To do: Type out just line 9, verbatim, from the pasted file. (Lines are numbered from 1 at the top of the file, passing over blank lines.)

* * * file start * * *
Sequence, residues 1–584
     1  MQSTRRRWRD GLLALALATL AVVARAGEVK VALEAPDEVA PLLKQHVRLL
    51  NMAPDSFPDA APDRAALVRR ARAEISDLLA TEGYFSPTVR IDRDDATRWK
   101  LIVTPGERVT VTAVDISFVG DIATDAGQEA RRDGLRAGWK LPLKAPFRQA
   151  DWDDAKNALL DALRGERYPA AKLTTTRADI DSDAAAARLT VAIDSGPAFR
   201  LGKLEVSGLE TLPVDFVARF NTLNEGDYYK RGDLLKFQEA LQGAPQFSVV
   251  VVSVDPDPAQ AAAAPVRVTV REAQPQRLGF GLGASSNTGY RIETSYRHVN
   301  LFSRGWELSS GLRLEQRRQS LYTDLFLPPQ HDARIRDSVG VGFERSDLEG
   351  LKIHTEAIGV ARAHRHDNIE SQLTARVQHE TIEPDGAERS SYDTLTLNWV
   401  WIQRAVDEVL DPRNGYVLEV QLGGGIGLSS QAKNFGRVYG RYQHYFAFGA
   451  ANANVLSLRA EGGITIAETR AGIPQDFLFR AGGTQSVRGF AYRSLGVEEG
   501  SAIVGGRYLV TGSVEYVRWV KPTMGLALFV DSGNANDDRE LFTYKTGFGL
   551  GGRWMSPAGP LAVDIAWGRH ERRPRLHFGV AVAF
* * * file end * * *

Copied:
   351  LKIHTEAIGV ARAHRHDNIE SQLTARVQHE TIEPDGAERS SYDTLTLNWV